It is impossible for that old woman has spent 1 million on rent. In order to spend that much money on rent she would have to pay 1200 dollars per month for almost 70 years. Considering the average wage in in 1950 (62 years ago) wasabout 400 dolalrs a month and rent was 150-250 per month there is no way she has been paying 1200 dollars every month for 70 years. She may currnely pay that but more likely to pay under 1000 and that would be for teh last decade but for most previous decades she would have paid far less per month.
    • Stephanie
      I think he meant when you factor in interest? ...
  • Chris F.
    Great post. You cover off the investment part of owning a home (a huge bonus) along with some of the risks and benefits of each.I do agree that I much prefer to pay my own mortgage over another persons mortgage. I live in Metro Vancouver. Rent is horrific here and the vacancy rate very low. I couldn't negotiate a lower rent and I pay less to own than I would to rent. Landlords here regularly 'upgrade' the building to get higher than normal rent increases, forcing even long term tenants out. Even with the special assessments I've paid over the years, my property value has doubled since I bought almost 14 years ago. That said, I may have the opportunity to move into a coop now (a bigger place) and I'm taking it. It's with a bit of hesitation of course. I love my place and my neighbors are amazing but I share a 1 bedroom apartment with 2 toddlers and that can't last forever. I cannot afford to buy a 2 bedroom and it would cost me almost double my mortgage to rent one. The coop is in my neighborhood and I have friends there already so I'll move once a unit comes up. When my current place sells, I'll invest the money and maybe when the kids are grown up and I can use a smaller place again, I'll buy.
    • Jessica M.
      I've had some friends that have lived in co-ops before and they absolutely loved it. That's definitely something worth looking into for sure. And I definitely agree that in the long run owning is a good investment, but only when you can afford a 10-20% down payment and all the extra costs that go along with it. As someone in her twenties, I've still got a fair bit of saving up to do before buying instead of renting is really an option. Thanks for the comment!
  • Jessica M.
    Wow, some great comments, love the discussion here!
  • Davide
    Having just moved to my new place I would like to share my experience about deciding whether to buy or rent. I would say all the points above in favour of renting are true. However, three years of renting at my former place cost me about 45,000$, which now represents a complete write off. Someone may say that is the cost of worry-free housing (i.e. no worries about maintenance and repairs). I created a small spreadsheet to estimate the costs of renting over a 20 years period (typical mortgage length) and assuming a 1% rent increase per year (which was the standard at my former place). Renting my former place (1 bdrm, about 650 square feet) would have cost me about about 336.626$. Including the interests, I would think buying the same place would cost about 500,000$ to 535,000$ over the same period, with the difference that at the end of the 20 years you can live rent-free and only worry about repairing costs. I calculated that the cost of renting a similar place to the one I now own (about 900 square foot, newly renovated, in Kits) would be about 475,000 (for a 20 years period), which is very close to the actual value of the property. So my philosophy is that now I'm actually paying a premium (i.e. the interests) plus the rent to my bank. I think over the short-time (1-5 years) then renting is the possibly best option, provide your rent is reasonable. It also depends on how many people are actually contributing to the house costs (easier to pay the rent, or the mortgage for that matter, when two people are sharing the costs). Overall, I think that if you can afford at least a 10% down payment, then buying is probably better. House prices may go down but as with pension funds, over the long period it is safe to assume that the overall trend may be flat to upwards.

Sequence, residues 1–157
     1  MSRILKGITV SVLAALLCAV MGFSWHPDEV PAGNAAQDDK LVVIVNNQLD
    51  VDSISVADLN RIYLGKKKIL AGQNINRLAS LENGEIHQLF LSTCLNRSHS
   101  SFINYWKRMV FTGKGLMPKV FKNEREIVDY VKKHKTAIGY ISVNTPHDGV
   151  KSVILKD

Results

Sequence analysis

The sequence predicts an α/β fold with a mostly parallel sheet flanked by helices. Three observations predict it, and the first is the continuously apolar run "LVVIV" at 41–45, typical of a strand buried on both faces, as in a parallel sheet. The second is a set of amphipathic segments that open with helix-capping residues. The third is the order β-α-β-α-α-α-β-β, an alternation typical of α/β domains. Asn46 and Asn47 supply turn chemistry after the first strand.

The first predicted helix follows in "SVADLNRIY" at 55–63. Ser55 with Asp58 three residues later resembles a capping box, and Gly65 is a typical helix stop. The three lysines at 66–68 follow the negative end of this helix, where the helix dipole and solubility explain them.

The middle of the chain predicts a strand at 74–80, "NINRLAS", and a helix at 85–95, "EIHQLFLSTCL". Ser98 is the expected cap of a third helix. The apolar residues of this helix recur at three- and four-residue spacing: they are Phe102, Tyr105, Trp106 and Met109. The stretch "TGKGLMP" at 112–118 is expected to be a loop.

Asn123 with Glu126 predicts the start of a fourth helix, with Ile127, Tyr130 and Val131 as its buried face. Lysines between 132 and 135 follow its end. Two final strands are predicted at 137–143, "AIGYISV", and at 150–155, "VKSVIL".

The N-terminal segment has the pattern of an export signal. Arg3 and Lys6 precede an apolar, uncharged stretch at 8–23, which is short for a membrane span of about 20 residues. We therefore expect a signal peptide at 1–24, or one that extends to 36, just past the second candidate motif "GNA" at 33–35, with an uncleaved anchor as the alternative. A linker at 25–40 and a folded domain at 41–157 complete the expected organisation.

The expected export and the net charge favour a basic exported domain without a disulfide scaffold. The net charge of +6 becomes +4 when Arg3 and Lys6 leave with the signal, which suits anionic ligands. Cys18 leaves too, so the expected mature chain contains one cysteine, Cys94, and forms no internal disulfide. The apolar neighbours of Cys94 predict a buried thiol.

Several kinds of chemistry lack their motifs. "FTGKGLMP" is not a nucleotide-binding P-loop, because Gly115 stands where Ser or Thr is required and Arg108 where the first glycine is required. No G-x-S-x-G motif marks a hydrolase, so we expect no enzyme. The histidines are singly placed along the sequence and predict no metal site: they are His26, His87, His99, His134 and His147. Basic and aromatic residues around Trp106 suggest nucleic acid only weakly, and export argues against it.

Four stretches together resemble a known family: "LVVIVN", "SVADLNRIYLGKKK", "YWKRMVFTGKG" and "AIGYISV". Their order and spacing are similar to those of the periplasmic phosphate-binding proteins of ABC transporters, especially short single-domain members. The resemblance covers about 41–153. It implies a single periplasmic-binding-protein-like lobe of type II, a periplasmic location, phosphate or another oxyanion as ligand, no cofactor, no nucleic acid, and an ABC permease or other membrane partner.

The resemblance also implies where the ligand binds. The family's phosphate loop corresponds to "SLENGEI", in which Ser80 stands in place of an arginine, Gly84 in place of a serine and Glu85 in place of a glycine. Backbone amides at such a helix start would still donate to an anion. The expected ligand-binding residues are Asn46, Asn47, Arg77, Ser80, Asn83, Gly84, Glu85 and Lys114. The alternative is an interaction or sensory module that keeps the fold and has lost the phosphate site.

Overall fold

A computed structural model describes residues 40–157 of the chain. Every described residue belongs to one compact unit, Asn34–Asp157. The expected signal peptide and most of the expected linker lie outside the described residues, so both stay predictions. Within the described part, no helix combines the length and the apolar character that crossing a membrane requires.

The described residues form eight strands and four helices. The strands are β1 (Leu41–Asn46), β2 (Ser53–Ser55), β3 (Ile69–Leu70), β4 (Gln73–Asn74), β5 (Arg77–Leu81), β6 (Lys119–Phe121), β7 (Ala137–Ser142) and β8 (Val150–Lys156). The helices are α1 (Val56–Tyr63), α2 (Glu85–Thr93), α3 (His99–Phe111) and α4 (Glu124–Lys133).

• Gary W.
    First of all, there is no such thing as a "damage deposit" in Ontario. Also, here, you cannot just walk away as your lease makes males you responsible for the duration. Perhaps, if someone tales your advice you make wind up with a law suit.
    • Jessica M.
      Hi Gary, as mentioned in the editor's note there are of course certain stipulations to ending or breaking a lease, so that's why it's very important to read your lease agreement and know your rights as a tenant before signing anything. And although a damage or security deposit may not be collected by landlords in Ontario, those deposits are required in many other provinces such as British Columbia, Manitoba, and Alberta as noted on the CMHC website Cheers :)
  • Mrs. P.
    We're definitely in the buyer's camp now, but we didn't buy until we knew we were ready for it financially and prepared to stay in the same location for a while. That being said, there are a lot of places right now where rent is much MORE than a mortgage payment. But, that assumes it's a mortgage payment based on good credit, a 20% down payment, etc... if you don't have those things, then the equation gets a lot fuzzier. Glad renting's working out for you right now, and it sounds like you've got a pretty good idea of when you'll know you're ready to buy.
  • bina e.
    good points!!! we are lucky, our mortgage has always been around the $430 mark (PIT) but we live in a small town, not the city, so the costs are quite a lot cheaper. Our nearest city is a university town so I know that rents are pretty high and places harder to come by (I went there for 3 yrs myself) I've grown up in small towns, so the preference to raise a family was small town, but the city itself is only a 20-25 min drive (When I worked there, I could get to work faster then people who lived on the east side of the city LOL) And people have to realize that you have to put money back into your investment, in the 11 yrs we've been here we've done the shingles, put in all new doors/windows, done the siding and put insulation into the roof, and we had to buy a hot water heater this weekend